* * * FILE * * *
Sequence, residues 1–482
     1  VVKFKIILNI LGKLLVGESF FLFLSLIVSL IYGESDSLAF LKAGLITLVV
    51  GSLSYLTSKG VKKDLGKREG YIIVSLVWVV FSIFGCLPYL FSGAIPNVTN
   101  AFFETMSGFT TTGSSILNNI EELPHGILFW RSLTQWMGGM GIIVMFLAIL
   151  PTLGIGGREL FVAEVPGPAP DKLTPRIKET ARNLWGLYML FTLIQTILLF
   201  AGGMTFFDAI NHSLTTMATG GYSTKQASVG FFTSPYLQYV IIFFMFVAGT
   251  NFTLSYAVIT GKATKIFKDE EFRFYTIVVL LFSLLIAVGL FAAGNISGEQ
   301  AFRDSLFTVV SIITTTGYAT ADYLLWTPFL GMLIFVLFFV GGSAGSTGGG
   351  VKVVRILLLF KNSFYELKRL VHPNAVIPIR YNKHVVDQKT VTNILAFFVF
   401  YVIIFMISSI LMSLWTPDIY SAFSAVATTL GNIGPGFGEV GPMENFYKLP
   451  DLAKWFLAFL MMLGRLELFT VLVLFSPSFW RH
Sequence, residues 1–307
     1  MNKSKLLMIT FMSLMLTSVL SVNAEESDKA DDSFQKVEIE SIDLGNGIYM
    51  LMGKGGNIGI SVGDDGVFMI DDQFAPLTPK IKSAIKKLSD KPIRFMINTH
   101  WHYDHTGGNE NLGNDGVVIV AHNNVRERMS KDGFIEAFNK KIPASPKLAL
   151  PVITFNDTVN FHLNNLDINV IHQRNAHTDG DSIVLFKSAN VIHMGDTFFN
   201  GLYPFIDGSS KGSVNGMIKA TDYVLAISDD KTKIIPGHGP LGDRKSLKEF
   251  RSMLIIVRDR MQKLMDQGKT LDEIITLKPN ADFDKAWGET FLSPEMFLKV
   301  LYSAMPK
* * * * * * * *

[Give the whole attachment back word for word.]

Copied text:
Sequence, residues 1–482
     1  VVKFKIILNI LGKLLVGESF FLFLSLIVSL IYGESDSLAF LKAGLITLVV
    51  GSLSYLTSKG VKKDLGKREG YIIVSLVWVV FSIFGCLPYL FSGAIPNVTN
   101  AFFETMSGFT TTGSSILNNI EELPHGILFW RSLTQWMGGM GIIVMFLAIL
   151  PTLGIGGREL FVAEVPGPAP DKLTPRIKET ARNLWGLYML FTLIQTILLF
   201  AGGMTFFDAI NHSLTTMATG GYSTKQASVG FFTSPYLQYV IIFFMFVAGT
   251  NFTLSYAVIT GKATKIFKDE EFRFYTIVVL LFSLLIAVGL FAAGNISGEQ
   301  AFRDSLFTVV SIITTTGYAT ADYLLWTPFL GMLIFVLFFV GGSAGSTGGG
   351  VKVVRILLLF KNSFYELKRL VHPNAVIPIR YNKHVVDQKT VTNILAFFVF
   401  YVIIFMISSI LMSLWTPDIY SAFSAVATTL GNIGPGFGEV GPMENFYKLP
   451  DLAKWFLAFL MMLGRLELFT VLVLFSPSFW RH
Sequence, residues 1–307
     1  MNKSKLLMIT FMSLMLTSVL SVNAEESDKA DDSFQKVEIE SIDLGNGIYM
    51  LMGKGGNIGI SVGDDGVFMI DDQFAPLTPK IKSAIKKLSD KPIRFMINTH
   101  WHYDHTGGNE NLGNDGVVIV AHNNVRERMS KDGFIEAFNK KIPASPKLAL
   151  PVITFNDTVN FHLNNLDINV IHQRNAHTDG DSIVLFKSAN VIHMGDTFFN
   201  GLYPFIDGSS KGSVNGMIKA TDYVLAISDD KTKIIPGHGP LGDRKSLKEF
   251  RSMLIIVRDR MQKLMDQGKT LDEIITLKPN ADFDKAWGET FLSPEMFLKV
   301  LYSAMPK